So the project's done. The URI Surf Club website has been dissected, criticized, trashed and brought back to life in a matter of two weeks. It was a long and trying journey. Students who had never met one another had to come together on a number of ideas and work to achieve the goal of a more improved website. So what's the moral of the story here?
It ain't that hard to make a good website.
I think what we've learned here is that effective site-making, while there is a lot of technicality to it that takes a hell of a long time to learn, is theoretically simple. You need varying sizes of text to effectively emphasize things. You need your color scheme to be aesthetically pleasing and clear. You need a menu that's easy to find and access. And you need to simplify your organizational hierarchy as much as you can. Images, videos, anything else that enhances the site -- that all depends on the subject and the creator. It varies. We're not talking about being spectacular. We're talking about being EFFECTIVE. And sticking to those main points will most likely assure that a site will come off as effective.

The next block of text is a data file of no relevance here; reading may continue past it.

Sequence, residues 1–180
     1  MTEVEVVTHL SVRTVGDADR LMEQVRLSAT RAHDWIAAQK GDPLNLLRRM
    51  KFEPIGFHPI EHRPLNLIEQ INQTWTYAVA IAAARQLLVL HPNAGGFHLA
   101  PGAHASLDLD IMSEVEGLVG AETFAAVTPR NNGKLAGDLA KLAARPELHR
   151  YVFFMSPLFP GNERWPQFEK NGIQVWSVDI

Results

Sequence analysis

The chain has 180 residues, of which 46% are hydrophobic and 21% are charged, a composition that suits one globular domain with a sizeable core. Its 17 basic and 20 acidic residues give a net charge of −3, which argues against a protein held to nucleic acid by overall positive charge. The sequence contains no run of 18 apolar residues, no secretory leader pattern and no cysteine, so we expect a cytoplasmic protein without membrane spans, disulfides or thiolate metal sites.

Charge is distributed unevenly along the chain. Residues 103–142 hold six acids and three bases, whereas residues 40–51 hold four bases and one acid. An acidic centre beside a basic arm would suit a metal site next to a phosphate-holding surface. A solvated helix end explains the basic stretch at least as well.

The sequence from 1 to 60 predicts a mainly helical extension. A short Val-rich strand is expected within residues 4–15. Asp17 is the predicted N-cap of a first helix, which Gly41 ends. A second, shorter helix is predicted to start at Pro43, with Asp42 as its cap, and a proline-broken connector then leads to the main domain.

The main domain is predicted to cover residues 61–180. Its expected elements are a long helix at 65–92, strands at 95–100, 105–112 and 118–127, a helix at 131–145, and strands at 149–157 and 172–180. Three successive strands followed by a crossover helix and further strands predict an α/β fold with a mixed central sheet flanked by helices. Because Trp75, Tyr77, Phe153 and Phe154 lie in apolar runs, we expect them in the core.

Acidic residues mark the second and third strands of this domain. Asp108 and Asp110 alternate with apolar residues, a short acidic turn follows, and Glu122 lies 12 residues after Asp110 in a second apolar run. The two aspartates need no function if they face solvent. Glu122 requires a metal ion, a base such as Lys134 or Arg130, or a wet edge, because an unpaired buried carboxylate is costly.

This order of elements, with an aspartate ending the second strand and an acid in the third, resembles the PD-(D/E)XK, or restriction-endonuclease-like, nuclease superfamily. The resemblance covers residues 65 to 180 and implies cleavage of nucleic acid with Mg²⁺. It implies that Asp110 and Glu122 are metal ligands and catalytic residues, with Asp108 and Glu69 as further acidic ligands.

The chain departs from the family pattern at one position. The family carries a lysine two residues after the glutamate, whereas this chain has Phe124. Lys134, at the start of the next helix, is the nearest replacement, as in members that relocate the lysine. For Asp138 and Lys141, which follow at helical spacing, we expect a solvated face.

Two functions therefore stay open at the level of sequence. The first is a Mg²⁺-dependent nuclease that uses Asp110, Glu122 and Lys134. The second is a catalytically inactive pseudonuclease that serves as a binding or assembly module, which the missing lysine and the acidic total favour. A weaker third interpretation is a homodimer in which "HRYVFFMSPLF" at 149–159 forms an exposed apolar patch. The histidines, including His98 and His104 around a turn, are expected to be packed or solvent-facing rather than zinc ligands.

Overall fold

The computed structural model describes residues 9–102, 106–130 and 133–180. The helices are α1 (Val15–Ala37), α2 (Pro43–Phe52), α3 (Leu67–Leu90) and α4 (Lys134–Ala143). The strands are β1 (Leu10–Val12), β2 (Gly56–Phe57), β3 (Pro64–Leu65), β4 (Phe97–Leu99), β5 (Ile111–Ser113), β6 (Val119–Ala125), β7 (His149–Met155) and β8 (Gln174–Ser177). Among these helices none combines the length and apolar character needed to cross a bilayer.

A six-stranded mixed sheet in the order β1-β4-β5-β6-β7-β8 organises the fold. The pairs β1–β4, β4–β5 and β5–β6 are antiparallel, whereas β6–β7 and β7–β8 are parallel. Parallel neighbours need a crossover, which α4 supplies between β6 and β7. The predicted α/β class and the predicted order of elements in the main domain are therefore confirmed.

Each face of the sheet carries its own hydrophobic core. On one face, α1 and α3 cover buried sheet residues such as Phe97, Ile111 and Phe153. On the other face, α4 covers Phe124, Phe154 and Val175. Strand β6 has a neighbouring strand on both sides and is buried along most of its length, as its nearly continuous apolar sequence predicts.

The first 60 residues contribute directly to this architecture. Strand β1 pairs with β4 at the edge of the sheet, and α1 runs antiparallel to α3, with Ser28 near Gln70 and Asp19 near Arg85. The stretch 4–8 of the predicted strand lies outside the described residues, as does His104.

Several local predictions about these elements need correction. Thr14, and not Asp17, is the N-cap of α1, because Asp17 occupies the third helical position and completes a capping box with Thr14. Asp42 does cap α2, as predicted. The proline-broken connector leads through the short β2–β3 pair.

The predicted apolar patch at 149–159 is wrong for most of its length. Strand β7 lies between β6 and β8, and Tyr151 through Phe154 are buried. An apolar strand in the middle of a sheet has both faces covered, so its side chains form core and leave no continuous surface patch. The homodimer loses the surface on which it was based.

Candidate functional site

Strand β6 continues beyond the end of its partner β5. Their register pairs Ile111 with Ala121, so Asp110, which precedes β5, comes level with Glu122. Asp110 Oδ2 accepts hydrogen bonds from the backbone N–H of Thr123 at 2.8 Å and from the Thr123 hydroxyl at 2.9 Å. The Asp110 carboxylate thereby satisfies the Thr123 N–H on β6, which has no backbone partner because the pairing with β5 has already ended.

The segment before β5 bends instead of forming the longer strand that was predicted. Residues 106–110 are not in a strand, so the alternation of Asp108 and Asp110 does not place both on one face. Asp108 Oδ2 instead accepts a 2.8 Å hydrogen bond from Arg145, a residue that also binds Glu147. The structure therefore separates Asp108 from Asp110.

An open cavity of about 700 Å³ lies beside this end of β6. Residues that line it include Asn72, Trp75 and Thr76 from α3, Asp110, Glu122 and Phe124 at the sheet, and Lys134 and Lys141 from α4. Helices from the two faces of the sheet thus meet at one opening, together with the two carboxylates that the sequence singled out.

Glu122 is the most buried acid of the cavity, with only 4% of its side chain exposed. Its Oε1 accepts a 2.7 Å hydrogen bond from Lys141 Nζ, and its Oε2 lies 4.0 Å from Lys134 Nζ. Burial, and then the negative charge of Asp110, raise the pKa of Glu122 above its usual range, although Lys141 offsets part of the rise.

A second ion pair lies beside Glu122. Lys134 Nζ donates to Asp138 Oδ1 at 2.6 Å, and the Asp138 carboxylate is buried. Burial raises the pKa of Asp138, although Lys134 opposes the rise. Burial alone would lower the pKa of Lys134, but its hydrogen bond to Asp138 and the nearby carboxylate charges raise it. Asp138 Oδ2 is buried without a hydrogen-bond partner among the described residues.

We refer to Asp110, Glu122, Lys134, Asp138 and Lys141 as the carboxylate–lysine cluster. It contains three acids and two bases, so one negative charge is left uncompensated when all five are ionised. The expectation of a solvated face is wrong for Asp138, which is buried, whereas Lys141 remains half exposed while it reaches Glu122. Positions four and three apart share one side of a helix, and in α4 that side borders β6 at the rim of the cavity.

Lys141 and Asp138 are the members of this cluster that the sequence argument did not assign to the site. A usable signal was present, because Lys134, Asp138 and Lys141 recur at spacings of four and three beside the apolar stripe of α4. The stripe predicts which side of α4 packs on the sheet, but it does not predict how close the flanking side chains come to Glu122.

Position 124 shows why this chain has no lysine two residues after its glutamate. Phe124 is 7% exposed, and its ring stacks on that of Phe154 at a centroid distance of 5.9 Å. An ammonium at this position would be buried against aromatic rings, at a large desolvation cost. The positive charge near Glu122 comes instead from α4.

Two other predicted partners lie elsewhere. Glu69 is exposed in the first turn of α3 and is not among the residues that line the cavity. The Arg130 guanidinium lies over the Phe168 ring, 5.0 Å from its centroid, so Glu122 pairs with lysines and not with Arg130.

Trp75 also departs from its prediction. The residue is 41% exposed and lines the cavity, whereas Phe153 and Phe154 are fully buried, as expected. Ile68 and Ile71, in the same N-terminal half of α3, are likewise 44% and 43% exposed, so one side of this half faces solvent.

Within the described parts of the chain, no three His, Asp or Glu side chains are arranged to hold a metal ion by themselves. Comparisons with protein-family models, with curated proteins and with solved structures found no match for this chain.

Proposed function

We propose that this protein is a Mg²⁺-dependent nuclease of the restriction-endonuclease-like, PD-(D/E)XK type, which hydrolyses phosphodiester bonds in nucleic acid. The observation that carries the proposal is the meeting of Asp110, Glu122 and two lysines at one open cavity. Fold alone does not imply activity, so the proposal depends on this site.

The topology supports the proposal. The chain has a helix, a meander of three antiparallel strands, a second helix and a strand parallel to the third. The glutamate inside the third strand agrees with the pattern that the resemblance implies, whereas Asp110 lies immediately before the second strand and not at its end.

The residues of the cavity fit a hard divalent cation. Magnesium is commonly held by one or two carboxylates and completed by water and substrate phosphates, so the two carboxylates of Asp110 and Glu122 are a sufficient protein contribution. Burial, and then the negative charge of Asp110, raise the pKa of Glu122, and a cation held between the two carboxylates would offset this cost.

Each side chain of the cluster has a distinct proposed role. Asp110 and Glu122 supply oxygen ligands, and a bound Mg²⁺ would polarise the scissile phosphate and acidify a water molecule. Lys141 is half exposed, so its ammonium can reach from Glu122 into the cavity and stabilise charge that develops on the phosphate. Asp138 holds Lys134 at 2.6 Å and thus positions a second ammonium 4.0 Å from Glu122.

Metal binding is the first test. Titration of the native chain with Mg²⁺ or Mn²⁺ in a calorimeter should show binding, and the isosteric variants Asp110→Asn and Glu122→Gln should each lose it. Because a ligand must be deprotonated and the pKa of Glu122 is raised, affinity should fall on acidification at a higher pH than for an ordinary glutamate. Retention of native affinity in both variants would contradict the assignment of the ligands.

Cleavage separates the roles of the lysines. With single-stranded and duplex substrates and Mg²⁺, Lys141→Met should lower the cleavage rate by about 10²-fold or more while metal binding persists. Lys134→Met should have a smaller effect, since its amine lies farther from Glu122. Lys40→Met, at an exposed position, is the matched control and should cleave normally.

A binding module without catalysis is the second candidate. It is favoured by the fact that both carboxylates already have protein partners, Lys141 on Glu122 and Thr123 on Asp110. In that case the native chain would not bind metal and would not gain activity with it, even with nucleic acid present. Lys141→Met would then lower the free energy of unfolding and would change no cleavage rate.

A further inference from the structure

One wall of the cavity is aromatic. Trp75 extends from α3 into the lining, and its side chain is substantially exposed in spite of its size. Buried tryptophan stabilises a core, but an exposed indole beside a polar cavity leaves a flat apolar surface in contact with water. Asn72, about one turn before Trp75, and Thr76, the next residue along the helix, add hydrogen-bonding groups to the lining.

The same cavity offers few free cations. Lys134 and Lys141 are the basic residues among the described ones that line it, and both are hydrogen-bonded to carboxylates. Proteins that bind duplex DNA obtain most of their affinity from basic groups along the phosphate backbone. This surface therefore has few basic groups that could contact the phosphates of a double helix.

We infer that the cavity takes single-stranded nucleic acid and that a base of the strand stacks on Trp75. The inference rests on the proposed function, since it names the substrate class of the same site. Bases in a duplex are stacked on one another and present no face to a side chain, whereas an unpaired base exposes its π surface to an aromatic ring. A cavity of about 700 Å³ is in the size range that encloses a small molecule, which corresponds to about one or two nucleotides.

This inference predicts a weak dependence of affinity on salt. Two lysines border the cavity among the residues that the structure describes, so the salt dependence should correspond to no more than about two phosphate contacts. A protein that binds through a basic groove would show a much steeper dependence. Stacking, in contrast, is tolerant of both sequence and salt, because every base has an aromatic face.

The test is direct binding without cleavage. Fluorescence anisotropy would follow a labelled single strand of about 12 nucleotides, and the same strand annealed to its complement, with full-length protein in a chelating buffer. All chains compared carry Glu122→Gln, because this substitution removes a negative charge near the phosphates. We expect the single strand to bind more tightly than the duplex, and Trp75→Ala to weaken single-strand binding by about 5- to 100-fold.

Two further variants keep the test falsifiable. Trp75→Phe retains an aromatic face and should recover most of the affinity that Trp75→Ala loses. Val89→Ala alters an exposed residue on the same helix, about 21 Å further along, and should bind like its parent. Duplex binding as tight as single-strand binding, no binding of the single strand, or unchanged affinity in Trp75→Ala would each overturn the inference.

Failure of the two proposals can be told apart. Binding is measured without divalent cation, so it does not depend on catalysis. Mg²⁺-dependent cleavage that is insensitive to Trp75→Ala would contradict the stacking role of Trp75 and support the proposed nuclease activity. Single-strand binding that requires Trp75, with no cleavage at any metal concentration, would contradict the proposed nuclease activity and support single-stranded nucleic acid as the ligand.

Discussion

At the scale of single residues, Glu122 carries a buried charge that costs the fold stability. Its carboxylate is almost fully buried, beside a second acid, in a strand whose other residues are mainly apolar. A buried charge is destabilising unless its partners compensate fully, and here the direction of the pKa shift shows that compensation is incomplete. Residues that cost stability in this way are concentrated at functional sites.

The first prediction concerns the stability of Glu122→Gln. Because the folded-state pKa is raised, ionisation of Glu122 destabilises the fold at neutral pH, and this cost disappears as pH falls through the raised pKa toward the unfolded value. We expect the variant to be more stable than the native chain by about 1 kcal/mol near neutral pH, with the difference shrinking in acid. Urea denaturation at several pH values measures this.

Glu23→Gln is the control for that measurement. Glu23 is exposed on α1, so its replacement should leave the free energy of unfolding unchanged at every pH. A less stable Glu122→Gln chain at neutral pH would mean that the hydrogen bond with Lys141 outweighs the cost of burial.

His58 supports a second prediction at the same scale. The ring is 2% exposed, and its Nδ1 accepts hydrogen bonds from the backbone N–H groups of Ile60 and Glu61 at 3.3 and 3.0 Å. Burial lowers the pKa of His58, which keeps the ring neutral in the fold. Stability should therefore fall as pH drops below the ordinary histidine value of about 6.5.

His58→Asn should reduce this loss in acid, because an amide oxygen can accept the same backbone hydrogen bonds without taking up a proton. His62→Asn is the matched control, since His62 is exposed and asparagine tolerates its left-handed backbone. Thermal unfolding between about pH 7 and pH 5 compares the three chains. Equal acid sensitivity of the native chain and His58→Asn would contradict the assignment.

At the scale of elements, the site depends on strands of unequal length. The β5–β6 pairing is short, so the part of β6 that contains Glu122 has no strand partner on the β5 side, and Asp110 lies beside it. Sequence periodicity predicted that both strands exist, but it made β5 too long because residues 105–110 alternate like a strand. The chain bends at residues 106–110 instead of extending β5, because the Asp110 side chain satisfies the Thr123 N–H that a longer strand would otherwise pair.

Now if the URI Surf Club is halfway intelligent, they'd take a few pointers from our project. But based on their current website design, and the fact that they're surfers, they probably won't do anything to improve it. Goddamn kids...